for broadcast. Private mail is now ready for collection from
the British Forces Post Office. End of broadcast.”
all heard this happy news drift out from the Station Tannoy,
but did you know that anything broadcast on the Tannoy
system is done by ATC? Who are ATC? A terrific crowd,
someone once said. The trouble is,
it was such a long time ago,
that nobody remembers who.
Control is the answer. We are the guys responsible, besides
the Tannoy messages,
for seeing aircraft that might
contain your wife, girlfriend, replacement, or stickies,
safely onto the runway, and perhaps yourself safely away.
three basic shifts, and we mean basic. Who else sits around
a11 day reading ‘Confessions of a Window Cleaner’. We have
two shift periods, all morning, and
afternoon/night .Now you may think that afternoon/night is a
long time to sit around doing nothing, however some
brilliant person has decreed that we only have to sit in the
tower during the morning. For the other shift we are just on
call by telephone until about an hour and a half before a
movement, then we go in to work. So, unless you come in
during the morning, all you will find is one of the three
intrepid assistants who man the switchboard 24 hours a day.
we give the parole for good conduct
occasionally.We have three persons on each shift. A Radar
Controller, a visual controller and the Assistant, who I
have already mentioned. To be a controller you need three
You must be able to make
You have to be able to read. (Otherwise you would fall
asleep with boredom)
3) you must
be crazy to do this job in the first place.
when an aircraft calls us, all hell is let loose but we
manage to calm each other down and the Radar Controller
speaks to the aircraft. He tells him
the latest weather here and,
from 100 miles away, he attempts to bring the aircraft
towards Gan and feed him onto final approach. However
most aircraft do this
themselves so the controller just sits there, looking at the
radar screen, yawning. During the approach there are
important stages. When the aircraft is 70 miles away we let
Operations know and they pass the word round to the rest of
the station. This produces various comments, from “Why are
you waking me up at this time of night?” to “What the hell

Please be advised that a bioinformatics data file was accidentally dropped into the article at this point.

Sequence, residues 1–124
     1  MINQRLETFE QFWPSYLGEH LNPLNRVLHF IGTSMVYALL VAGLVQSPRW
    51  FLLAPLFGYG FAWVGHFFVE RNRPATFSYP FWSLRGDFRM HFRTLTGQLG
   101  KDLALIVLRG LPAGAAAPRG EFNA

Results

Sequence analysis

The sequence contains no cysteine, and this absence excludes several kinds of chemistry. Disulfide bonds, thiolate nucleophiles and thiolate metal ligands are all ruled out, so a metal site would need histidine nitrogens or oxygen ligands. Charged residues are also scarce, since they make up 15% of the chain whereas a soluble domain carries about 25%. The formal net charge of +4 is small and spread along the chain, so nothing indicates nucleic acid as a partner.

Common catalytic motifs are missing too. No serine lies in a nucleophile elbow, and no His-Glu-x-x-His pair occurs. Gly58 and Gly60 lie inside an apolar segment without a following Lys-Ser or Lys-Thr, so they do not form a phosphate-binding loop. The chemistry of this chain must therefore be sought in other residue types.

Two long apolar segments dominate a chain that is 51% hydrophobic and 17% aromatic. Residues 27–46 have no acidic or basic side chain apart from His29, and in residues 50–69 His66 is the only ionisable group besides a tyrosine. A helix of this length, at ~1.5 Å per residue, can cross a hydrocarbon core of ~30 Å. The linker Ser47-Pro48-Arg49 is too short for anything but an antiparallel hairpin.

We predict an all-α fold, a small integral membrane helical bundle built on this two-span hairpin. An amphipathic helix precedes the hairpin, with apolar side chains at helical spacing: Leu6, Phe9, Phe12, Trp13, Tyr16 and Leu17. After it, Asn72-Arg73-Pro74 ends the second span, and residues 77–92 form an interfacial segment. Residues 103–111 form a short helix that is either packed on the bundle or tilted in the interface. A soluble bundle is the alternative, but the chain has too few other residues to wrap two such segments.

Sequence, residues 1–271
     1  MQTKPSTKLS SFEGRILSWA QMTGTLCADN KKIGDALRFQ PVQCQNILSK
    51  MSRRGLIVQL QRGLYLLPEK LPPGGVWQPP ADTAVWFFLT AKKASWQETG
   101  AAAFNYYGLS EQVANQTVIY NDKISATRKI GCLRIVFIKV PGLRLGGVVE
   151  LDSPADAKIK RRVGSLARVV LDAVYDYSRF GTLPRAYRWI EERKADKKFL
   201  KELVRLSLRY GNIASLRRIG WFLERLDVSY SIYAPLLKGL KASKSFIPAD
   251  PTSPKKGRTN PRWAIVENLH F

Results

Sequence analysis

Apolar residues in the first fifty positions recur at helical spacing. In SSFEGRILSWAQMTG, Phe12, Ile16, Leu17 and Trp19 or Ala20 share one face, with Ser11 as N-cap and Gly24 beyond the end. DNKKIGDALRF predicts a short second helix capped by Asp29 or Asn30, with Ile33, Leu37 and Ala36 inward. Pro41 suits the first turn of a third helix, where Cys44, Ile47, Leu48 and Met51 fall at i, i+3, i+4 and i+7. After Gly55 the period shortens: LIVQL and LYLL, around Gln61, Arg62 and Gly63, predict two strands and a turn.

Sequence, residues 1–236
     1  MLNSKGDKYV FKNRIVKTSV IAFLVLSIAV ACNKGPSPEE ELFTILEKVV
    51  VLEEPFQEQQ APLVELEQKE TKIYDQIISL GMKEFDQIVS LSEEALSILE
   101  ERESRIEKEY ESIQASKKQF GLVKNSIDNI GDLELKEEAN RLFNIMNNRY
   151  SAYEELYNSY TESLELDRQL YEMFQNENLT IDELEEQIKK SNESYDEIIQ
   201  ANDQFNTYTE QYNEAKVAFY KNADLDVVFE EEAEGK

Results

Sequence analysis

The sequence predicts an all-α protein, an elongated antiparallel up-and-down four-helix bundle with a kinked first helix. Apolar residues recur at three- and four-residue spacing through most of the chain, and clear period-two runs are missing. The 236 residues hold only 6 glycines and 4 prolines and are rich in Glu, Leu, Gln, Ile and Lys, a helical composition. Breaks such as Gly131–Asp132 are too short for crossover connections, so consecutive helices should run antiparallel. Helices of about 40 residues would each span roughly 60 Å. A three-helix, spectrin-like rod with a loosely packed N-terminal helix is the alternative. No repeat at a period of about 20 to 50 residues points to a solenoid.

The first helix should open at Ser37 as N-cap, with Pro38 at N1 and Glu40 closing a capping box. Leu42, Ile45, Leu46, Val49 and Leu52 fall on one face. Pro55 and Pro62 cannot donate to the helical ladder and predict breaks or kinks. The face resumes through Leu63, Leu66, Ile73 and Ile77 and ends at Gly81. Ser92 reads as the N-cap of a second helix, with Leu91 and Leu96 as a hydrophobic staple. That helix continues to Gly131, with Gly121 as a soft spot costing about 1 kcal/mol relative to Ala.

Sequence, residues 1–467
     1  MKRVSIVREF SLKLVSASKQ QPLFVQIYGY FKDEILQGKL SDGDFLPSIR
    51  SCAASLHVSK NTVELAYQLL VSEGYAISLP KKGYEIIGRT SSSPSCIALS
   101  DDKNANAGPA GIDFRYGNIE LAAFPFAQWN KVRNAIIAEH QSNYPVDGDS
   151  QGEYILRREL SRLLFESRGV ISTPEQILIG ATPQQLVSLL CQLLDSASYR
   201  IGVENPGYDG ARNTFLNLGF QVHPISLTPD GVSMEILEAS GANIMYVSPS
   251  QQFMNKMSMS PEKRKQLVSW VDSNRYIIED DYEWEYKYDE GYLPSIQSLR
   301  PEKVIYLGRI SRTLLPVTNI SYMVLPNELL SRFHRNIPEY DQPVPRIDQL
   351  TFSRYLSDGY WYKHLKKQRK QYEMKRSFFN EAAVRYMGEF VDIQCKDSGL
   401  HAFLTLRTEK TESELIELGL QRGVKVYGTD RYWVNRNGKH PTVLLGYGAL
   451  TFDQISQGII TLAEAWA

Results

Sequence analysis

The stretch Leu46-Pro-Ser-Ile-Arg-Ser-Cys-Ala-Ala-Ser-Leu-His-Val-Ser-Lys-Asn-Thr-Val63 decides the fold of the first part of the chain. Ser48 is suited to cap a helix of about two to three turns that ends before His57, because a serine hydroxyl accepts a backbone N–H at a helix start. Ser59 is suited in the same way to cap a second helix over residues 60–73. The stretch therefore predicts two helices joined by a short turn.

is he doing here half an hour early?”
At 30 miles
from Gan we tell SAS flight who argue amongst themselves and
finally tell us where they want the aircraft parked. We have
come to the conclusion that they have not much choice on an
island this size.Finally, at 12 miles, the Visual
Controller, who has been ever vigilant throughout thus,
alternately scanning the airfield and a tattered copy of
Penthouse, switches the traffic lights to red and checks
that the runway is clear of vehicles, rubbish, and the
occasional drunk. When it is he gives the aircraft
permission to land.
At this stage it would be good to
mention that if you are walking round the island and you
have passed the lights, when you hear a ringing in your ears
it is not a recurrence of the hangover that you had earlier.
It means that the lights have gone to red. So the idea is
then to turn round and walk back, not to try to beat the
aircraft to the other side. This is simply because we do not
like scraping your remains off the runway afterwards.
Anyway the aircraft lands safely and we go back to normal,
reading, drinking coffee, dozing, etc.
working day it is possible that you could bump into another
person, wandering round the tower, muttering things like
a side league”, “Must have more porn”,
and ”Don’t give me a hard tine sunshine”. He is the SATCO,
the Senior Air Traffic Control Officer, and is supposed to
know all there is about ATC. Please do not tell him
otherwise though, as he is liable to refuse to speak to us.
It is too quiet as it is.
to finish off, we do work very hard up here in the tower. It
is just that everyone visits us in our “ slack” periods.